Compressed Natural Gas Trucks Arrive
Test of port drayage vehicles to help reduce air pollution
December 2, 2008
To help reduce air pollution at the busiest container seaports in the United States, Southern California Gas Co. (The Gas Company) -- joined by officials from the ports of Long Beach and Los Angeles and the South Coast Air Quality Management District (AQMD) – announced December 2, 2008, that they have launched a 12-month demonstration of the nation's first clean-burning compressed natural gas (CNG)-fueled drayage trucks to transport cargo containers.
To study the use of natural gas in port operations, four heavy-duty CNG trucks will move containers between the San Pedro Bay ports and nearby freight-consolidation yards. The CNG truck engines are certified to meet the U.S. Environmental Protection Agency's stringent 2010 on-road emission standards. The trucks are expected to reduce nitrogen-oxides (NOx) emissions – a precursor to smog – by 80 percent, as compared with the cleanest diesel truck.
"Long Beach welcomes the new CNG trucks to our port service," said Long Beach Mayor Bob Foster. "These four trucks will be added to the growing number of clean trucks that will help make the Port of Long Beach one of the cleanest ports in the world."
About two-thirds of the 15 million container units coming into the San Pedro Bay ports annually are moved by truck within a 25-mile radius of the docks. In an unprecedented environmental program to clean up pollution from diesel big rigs by 80 percent by 2010, the ports of Long Beach and Los Angeles, working with trucking companies and other stakeholders, launched the Clean Trucks Program October 1.
According to port officials, this is the most ambitious anti-pollution plan ever developed at a global seaport. The natural gas-fueled trucks launched into service today, with co-funding from both ports, will play an important role in that effort. The demonstration project's overall cost is about $1.7 million. The ports each contributed about $112,000, with $1.1 million from The Gas Company and $421,000 from the AQMD.
Cal Cartage, the largest motor carrier operating at the Los Angeles and Long Beach ports, will operate the natural gas-powered trucks, which are manufactured by Autocar and powered by Cummins Westport ISL G engines.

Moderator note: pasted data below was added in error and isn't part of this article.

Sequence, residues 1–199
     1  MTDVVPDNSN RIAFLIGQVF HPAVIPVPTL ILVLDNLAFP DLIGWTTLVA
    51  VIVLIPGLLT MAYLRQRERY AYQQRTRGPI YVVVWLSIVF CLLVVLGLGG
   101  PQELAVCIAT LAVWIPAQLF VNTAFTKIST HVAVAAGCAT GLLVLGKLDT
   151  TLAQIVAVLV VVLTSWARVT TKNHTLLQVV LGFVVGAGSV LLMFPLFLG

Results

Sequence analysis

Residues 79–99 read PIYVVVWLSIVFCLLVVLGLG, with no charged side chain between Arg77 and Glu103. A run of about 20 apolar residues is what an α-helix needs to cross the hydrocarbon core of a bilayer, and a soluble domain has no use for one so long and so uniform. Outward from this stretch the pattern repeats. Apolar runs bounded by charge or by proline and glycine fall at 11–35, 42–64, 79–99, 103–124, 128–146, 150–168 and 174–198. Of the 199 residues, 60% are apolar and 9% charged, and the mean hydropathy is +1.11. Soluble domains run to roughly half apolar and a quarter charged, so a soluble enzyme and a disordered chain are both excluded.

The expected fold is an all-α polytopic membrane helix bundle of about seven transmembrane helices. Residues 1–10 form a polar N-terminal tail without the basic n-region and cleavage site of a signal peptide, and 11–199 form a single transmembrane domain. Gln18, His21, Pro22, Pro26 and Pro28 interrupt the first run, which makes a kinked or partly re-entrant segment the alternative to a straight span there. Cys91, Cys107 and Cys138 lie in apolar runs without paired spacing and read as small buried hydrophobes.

As a low-carbon fuel choice, the use of CNG in these trucks also will help California achieve its goals under its Low-Carbon Fuel Standard and reduce greenhouse-gas emissions by approximately 20 percent.
"We envision these clean-fuel trucks playing an important role in the ongoing efforts to improve air quality around Southern California's busy ports," said Hal D. Snyder, vice president of customer programs at The Gas Company, who is serving as project lead.
The South Coast Air Quality Management District, which is co-funding the fueling station along with Trillium USA, said the use of these trucks will help reduce the health risks posed by air pollution from port-related sources.
"AQMD's funding of the Cal Cartage fueling facility will help reduce drayage truck emissions at the ports of Los Angeles and Long Beach, which are the largest fixed source of air pollution in the Southland," said Barry Wallerstein, AQMD's executive officer. "This effort also will help the ports implement their clean port initiative goal of converting half of the truck fleet working in and around the ports to clean-burning natural gas."
Following the initial 12-month demonstration project, The Gas Company hopes to then further reduce emissions from the CNG drayage trucks by switching the fuel from CNG to a CNG/hydrogen blend. This CNG/hydrogen fuel blend is widely regarded as an important gateway to a hydrogen future for the transportation sector, because the fuel has been proven to reduce nitrogen-oxides emissions from natural gas engines by as much as 50 percent.
View a short clip of the event, here.